“I can breathe again. Because I’ve seen the other side, and I’m excited to be back here. One of my teammates was like, ‘You look like you just got out of prison.’ “
Man, the hits just keep on coming for the Texans. You look like you just got out of prison.
“I was unable to speak with him myself, though I tried to.”
—Falcons owner Arthur Blank, who sounded disappointed that Julio Jones would not speak to him after the trade from Atlanta to Tennessee this summer.
“The Olympics is overwhelming. I mean, talk about the weight of gold. We carry a lot of weight on our shoulders, and it’s challenging, especially when we have the lights on us and all of these expectations that are being thrown on top of us. It broke my heart … I think the biggest thing is that we all need to ask for help sometimes, too, when we go through those time. For me personally that it was something that was very challenging. It was hard for me to ask for help.”
—Olympic swimming hero Michael Phelps, on NBC’s Olympics coverage, on Simone Biles dropping out of some Olympic gymnastics events. Biles talked about the stress and pressure of the Olympics as factors. Smart to have Phelps, who’d been through the same pressures, discuss them before a big American TV audience.
“He’s not a coach that can ever win a Super Bowl because he sits there and cusses all day … He’s a know-it-all.”
—Kelvin Benjamin, on Giants coach Joe Judge, after being cut by the Giants last week, to Zack Rosenblatt of NJ.com.
“Sometimes colorful language happens.”
—Joe Judge, a day after Benjamin’s diatribe. Judge also said of Benjamin about 14 times, “I wish him well.”
I bet if you gave Joe Judge sodium pentathol and asked him about Benjamin, he would say about 14 times, “I do not wish him well.”
“Picasso, the best of the best, Michelangelo, them boys. Sistine Chapel. Stuff like that.”
—Chargers wide receiver Keenan Allen, asked in camp to compare himself to an artist.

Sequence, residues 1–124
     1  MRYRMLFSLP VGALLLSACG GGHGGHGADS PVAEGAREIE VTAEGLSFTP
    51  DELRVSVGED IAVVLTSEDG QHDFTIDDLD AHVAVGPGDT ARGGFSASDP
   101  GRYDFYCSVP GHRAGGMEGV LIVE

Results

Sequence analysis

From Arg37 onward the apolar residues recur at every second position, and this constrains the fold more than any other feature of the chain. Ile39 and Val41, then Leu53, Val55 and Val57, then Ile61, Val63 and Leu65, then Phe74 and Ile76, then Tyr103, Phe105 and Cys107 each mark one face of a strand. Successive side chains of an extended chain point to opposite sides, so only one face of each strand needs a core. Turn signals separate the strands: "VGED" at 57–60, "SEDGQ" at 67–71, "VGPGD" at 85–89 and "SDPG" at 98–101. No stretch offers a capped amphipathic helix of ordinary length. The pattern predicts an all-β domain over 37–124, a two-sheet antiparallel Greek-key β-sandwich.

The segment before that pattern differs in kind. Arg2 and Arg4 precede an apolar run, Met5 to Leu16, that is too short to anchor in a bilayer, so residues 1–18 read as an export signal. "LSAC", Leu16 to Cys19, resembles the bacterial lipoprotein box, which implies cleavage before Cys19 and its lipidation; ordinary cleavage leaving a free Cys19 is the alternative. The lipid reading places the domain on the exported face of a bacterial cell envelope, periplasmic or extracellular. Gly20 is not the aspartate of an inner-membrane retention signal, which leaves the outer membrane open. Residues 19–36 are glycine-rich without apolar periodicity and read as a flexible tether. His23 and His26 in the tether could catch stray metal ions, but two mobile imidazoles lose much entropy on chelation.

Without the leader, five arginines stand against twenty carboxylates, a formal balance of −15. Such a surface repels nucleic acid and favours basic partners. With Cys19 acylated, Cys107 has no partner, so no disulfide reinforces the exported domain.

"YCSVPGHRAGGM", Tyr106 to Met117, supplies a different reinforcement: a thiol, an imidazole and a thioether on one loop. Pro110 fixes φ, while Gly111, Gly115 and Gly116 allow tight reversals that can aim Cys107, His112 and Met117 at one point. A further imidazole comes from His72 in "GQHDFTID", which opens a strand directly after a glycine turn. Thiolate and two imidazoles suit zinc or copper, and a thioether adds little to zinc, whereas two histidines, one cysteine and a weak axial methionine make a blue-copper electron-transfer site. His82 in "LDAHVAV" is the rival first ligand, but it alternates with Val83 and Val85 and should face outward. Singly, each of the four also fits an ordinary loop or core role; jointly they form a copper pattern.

The Sistine Chapel’s a building, but you catch his drift.
“It’s July. We play a game in September. We’ll be careful about it.”
—Dallas offensive coordinator Kellen Moore, on the sore arm that has kept Dak Prescott out of practice in the last few days of camp.
In the last two years, since Aug. 2, 2019, here are the starting quarterbacks for the Indianapolis Colts, with the lengths of their tenures:
Check out this helmet weirdness: This is new 49ers center Alex Mack wearing a soft shell helmet atop his regular helmet.
This is a thing. Some teams in the NFL have their players, in camp, wear these helmets in walk-through practices minus the real helmet.
“Another shock absorber,” Mack told me.
At Raiders camp, in some periods, players wore the shell on their head with no helmets. At Niners’ camp, most players wore them as crowns on their regular helmets for much of the practice. Mack appreciates the effort to make the game safer, and he’s wearing the double protection for the time being, but he’ll take it off as the team gets closer to the season. It’s sightly offputting to feel you’ve got something on top of your head.
“The main thing is, when they talk about like concussions and head trauma, the biggest trouble is repetitive hits to the head,” Kyle Shanahan said. “That’s why you hear head trauma in boxing is a bigger issue than MMA. You’d rather just get one shot than just over and over. When you’re D-line and O-line, no matter what happens, when you go towards someone, you’re going to get those head hits. With this thing on, you don’t hear those little cracks anymore.
“The other thing I’ve liked the most about it that I didn’t realize? I’m not worried about our quarterbacks breaking their hands on people’s helmets. That happens all the time. Now the throwing hand will come down hard, and instead of hitting a helmet, it’s like they’re landing on pillows.”
Ten days ago, Cole Beasley openly questioned (on Twitter) teammate Jerry Hughes’ defense of taking the vaccine by asking, “Jerry so if a vaccinated gives an unvaccinated player with underlying conditions covid it’s cool though?” Hughes responded to Beasley, and it seemed edgy. Two teammates, socially jousting about the vaccine on Twitter. Seemed weird.
Over the weekend, I learned one team showed to its players a Power Point of the Beasley-Hughes exchange on Twitter, and the message—I’m told—was this: “Do NOT do this.”
Thursday, 2 p.m., leaving Niners’ camp in Santa Clara, Calif., for Cowboys camp in Oxnard, 65 miles north of L.A. Six-hour drive, with some traffic; 322 miles. I really wanted to drive it, through garlicky Gilroy on the 101, hugging the Pacific Coast when the highway presented that chance. I love the California scenery. But my videographer, Matt Buckman, and I would get hungry at some point, and wherever would we stop?